Researchers from the United States National Aeronautics and Space Administration (NASA) and international organizations collaborating on the InSight mission have published information on the first record of a meteor impact on Mars in the journal Nature Geosciences.
For the first time since arriving on the red planet in 2018, the InSight spacecraft was able to pick up not only seismic signals, but also the explosion and crashing sound of an incoming meteoroid.
The meteor split into three as it entered the red planet’s atmosphere. See the video.
The scientists explain that the crashing sound, a cartoonish “bloop,” is caused by heat trapped in the Martian atmosphere, causing the sound waves to travel at different speeds.
According to them, under these conditions, higher frequency (high) waves travel slower than low frequency (low) waves, so whoever is close will hear a “bang” and we will hear a “bloop” from afar. .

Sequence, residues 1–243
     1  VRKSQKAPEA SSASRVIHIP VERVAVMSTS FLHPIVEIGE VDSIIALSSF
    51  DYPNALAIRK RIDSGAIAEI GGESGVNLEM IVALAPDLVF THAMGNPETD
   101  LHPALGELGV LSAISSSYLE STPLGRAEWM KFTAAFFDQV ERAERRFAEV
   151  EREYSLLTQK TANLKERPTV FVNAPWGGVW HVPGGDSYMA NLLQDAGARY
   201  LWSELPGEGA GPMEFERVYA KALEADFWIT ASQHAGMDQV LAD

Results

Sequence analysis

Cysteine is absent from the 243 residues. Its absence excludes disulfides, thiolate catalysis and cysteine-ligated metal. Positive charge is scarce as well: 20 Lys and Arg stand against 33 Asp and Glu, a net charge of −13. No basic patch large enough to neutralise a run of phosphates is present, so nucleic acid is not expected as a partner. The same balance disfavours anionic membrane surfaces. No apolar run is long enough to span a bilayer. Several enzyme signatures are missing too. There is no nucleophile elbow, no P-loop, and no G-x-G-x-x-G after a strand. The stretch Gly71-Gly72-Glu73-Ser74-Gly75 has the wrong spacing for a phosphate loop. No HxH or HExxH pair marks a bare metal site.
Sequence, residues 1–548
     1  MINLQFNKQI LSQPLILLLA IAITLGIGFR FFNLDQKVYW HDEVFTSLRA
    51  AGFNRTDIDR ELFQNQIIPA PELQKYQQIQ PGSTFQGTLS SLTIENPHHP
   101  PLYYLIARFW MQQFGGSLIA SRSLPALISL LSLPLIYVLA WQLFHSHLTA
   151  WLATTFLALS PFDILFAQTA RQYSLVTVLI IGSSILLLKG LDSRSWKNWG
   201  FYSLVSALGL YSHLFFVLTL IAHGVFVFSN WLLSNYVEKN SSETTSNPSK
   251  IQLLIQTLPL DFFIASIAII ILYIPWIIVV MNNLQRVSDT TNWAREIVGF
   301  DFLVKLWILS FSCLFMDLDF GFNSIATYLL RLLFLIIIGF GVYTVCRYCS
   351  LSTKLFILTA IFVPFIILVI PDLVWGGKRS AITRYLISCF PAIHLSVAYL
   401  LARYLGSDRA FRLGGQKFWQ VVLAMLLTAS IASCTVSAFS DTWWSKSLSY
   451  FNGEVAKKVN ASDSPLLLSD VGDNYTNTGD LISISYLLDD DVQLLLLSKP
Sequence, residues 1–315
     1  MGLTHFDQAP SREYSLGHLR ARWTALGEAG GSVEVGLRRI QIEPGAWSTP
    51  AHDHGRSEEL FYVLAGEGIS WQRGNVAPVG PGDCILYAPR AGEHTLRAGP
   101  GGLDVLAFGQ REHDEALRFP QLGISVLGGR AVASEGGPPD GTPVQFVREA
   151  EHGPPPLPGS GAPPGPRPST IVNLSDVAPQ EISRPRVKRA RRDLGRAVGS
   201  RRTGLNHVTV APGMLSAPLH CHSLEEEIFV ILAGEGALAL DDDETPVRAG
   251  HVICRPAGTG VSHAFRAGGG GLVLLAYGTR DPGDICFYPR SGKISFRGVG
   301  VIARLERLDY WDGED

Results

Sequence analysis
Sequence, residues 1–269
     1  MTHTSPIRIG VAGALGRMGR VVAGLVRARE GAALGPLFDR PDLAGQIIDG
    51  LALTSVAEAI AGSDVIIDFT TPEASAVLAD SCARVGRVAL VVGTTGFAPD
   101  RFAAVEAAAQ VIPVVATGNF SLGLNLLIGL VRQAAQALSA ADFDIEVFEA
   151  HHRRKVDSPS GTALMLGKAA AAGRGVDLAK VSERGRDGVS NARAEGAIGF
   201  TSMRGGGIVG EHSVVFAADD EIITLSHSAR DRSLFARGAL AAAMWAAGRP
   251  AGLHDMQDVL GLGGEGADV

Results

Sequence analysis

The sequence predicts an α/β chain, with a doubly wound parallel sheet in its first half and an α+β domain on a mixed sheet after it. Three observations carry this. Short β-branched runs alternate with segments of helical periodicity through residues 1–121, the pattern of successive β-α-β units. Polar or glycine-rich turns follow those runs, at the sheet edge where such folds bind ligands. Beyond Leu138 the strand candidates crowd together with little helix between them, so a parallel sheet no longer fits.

But in addition to seismic and sound waves, Mars Reconnaissance Orbiter flew over the domain. The accident site was photographed using the HiRISE camera, which produces high-resolution images.
Three more impacts were documented between 2020 and 2021, and researchers are excited about the record, as it opens up new avenues of research into how the Martian atmosphere works and how often meteorites hit the planet.
This data helps scientists learn more about the formation of Mars and the rocky planets.
Source: Tec Mundo
I am Bret Jackson, a professional journalist and author for Gadget Onus, where I specialize in writing about the gaming industry. With over 6 years of experience in my field, I have built up an extensive portfolio that ranges from reviews to interviews with top figures within the industry. My work has been featured on various news sites, providing readers with insightful analysis regarding the current state of gaming culture.